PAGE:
However, inclusionary zoning hasn’t always worked. The problem is the lack of clarity around affordable housing, mixed implementation policies by councils, and a reluctance by many developers.
BOC: How can we overcome the difficulties with inclusionary zoning?
DB: Opportunities for affordable housing can come from developers’ careful planning and a ‘salt and pepper’ approach. If we target the affordable housing allocation towards key workers with a low to moderate-income, there’s a greater chance of overcoming purchaser objections and management issues from registered housing associations.
I think there is also a significant opportunity to increase the supply of dedicated stand-alone projects; especially smaller scale stand-alone housing. This type of housing can still accommodate different socio-economic groups within a community, whilst not necessarily forcing developers to incorporate a broad mix of housing types in one building.
BOC: What are some of the other trends for social and affordable housing?
DB: In 2018, the Victorian Government changed planning laws to smooth the way for councils and developers to provide affordable housing. There are problems, however. Providing a mix of housing types within a development or precinct is desirable, but from a developer’s perspective, it can be problematic. Some issues include clarity about final ownership, different socio-economic resident groups, appropriate owner’s corporation costs, development returns and possible wariness of purchasers.
BOC: How does coronavirus present an opportunity to improve affordable housing in Victoria?
DB: There’s certainly a strong case for sustained Government investment in affordable housing. The coronavirus pandemic has worsened the availability of affordable housing in Victoria, and so there’s now an opportunity to make significant improvements. The bottom line is this: improving affordable housing offerings in Victoria is aligned with the Government providing meaningful stimulus to the construction industry. Let’s not let a good crisis go to waste.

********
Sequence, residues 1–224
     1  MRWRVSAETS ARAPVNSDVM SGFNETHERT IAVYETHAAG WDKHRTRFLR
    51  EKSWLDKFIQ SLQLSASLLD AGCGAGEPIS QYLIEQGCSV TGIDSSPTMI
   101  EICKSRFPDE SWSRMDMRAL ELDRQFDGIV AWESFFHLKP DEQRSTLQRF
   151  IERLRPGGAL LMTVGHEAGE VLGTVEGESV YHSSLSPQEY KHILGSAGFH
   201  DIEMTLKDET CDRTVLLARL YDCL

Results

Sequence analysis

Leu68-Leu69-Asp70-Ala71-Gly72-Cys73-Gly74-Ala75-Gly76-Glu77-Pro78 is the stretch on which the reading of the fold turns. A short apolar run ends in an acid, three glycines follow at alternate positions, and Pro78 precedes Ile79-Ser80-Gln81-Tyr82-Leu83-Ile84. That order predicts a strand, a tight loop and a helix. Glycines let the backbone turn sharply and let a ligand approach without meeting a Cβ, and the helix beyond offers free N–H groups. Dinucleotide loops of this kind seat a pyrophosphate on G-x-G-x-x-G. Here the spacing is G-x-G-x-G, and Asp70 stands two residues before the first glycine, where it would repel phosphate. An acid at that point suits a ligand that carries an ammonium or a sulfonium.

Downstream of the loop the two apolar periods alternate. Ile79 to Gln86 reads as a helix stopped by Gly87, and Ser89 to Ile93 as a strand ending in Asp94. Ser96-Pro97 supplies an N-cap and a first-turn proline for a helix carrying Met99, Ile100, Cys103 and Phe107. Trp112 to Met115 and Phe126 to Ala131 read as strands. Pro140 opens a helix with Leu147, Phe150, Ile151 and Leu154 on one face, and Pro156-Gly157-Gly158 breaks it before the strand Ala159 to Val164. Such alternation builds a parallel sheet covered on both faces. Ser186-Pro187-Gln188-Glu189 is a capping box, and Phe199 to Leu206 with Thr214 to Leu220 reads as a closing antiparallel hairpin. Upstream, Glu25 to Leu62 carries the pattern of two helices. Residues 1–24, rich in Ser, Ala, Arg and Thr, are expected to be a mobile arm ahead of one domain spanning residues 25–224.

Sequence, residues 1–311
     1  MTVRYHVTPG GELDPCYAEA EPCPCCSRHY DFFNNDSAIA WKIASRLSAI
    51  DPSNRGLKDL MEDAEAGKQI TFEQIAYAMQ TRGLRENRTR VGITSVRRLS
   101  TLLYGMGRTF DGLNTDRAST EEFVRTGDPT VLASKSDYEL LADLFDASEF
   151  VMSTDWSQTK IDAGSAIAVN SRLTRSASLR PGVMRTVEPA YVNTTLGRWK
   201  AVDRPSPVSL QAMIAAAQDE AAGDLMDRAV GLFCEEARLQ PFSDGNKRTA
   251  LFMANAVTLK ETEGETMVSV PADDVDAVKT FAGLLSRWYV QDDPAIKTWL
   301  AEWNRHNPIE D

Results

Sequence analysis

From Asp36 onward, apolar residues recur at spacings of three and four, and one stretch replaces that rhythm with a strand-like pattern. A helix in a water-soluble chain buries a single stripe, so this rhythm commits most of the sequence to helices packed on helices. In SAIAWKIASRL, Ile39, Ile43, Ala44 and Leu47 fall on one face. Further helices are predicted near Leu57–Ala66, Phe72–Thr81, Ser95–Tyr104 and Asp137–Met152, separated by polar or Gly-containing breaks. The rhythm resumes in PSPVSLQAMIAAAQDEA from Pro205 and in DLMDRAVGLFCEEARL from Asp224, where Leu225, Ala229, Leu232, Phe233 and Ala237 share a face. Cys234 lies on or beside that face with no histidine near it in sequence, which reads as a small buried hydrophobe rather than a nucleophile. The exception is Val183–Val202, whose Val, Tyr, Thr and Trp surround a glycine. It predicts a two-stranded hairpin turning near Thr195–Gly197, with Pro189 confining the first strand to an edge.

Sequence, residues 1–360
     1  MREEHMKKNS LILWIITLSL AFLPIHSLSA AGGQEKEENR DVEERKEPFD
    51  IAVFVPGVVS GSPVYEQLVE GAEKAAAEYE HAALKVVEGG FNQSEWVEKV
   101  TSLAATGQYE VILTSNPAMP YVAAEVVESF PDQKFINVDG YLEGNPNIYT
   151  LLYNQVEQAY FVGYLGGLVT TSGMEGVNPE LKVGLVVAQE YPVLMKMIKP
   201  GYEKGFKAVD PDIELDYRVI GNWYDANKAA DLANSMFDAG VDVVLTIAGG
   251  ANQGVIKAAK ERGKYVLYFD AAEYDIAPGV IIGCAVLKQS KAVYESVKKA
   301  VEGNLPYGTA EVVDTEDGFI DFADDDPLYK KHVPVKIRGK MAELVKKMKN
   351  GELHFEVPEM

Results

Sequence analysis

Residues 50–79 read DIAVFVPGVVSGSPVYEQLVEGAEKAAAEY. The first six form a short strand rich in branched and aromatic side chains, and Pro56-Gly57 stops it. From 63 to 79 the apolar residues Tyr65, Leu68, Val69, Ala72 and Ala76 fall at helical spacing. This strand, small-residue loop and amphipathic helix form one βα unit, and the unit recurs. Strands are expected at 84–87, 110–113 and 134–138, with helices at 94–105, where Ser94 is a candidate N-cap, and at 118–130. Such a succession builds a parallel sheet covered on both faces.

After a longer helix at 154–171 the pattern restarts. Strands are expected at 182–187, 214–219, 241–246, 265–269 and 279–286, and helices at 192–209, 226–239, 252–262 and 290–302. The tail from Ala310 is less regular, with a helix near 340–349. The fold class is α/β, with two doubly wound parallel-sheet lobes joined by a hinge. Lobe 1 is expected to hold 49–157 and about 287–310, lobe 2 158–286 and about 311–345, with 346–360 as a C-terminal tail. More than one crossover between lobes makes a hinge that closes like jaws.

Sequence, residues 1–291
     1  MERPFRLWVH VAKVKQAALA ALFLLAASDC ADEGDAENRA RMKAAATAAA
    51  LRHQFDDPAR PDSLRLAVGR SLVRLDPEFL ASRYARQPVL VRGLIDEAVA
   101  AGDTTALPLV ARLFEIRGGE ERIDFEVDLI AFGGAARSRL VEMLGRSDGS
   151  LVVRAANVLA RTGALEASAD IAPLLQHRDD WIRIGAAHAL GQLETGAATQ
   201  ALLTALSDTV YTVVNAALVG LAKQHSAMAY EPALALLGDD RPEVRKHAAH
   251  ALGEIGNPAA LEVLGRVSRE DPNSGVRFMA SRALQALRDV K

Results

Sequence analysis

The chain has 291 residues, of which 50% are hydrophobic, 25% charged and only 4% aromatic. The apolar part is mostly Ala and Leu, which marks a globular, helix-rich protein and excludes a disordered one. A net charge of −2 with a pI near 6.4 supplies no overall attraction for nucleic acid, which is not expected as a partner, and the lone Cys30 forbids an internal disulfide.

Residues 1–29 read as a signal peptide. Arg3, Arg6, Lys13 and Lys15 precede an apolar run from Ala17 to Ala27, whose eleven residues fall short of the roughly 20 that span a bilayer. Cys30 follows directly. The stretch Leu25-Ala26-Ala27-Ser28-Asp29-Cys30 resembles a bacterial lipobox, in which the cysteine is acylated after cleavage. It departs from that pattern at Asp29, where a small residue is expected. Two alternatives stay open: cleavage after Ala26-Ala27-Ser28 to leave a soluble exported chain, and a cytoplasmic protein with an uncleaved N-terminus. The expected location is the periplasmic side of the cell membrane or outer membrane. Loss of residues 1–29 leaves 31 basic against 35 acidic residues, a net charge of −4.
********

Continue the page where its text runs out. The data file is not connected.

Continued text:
BOC: Currently there’s increased speculation of more Federal and State Government spending on infrastructure, as well as other stimulus packages. And we’re awaiting the 2020-2021 Federal Budget to learn more about the level of Government commitment to affordable housing. What do you think the government approach should be?
DB: There is a light at the end of the housing tunnel. Now is the time for both Federal and State Governments to look at different incentive models. It’s time to support the affordable housing sector, and let’s not forget the industry benefits: immediate construction industry growth, and motivation for developers to invest in the financial and social advantages that flow from this sector. Further funding for not-for-profit registered housing organisations will be critical. The economic and social benefits could be unprecedented, to match the unprecedented times of 2020.
Daniel’s background in architecture, construction, project management, development and finance gives him a rare skill set, and a deep understanding of all stages of construction projects. Daniel has a particular interest in how quality-built form can contribute to a cohesive and healthy community. With his commitment to community projects, Daniel is widely regarded as an authority on affordable housing issues in Victoria.
DISCLAIMER: We accept no responsibility for any action taken after reading this article. It is intended as a guide only and is not a substitute for the expert legal advice you can receive from marshalls+dent+wilmoth and other relevant experts.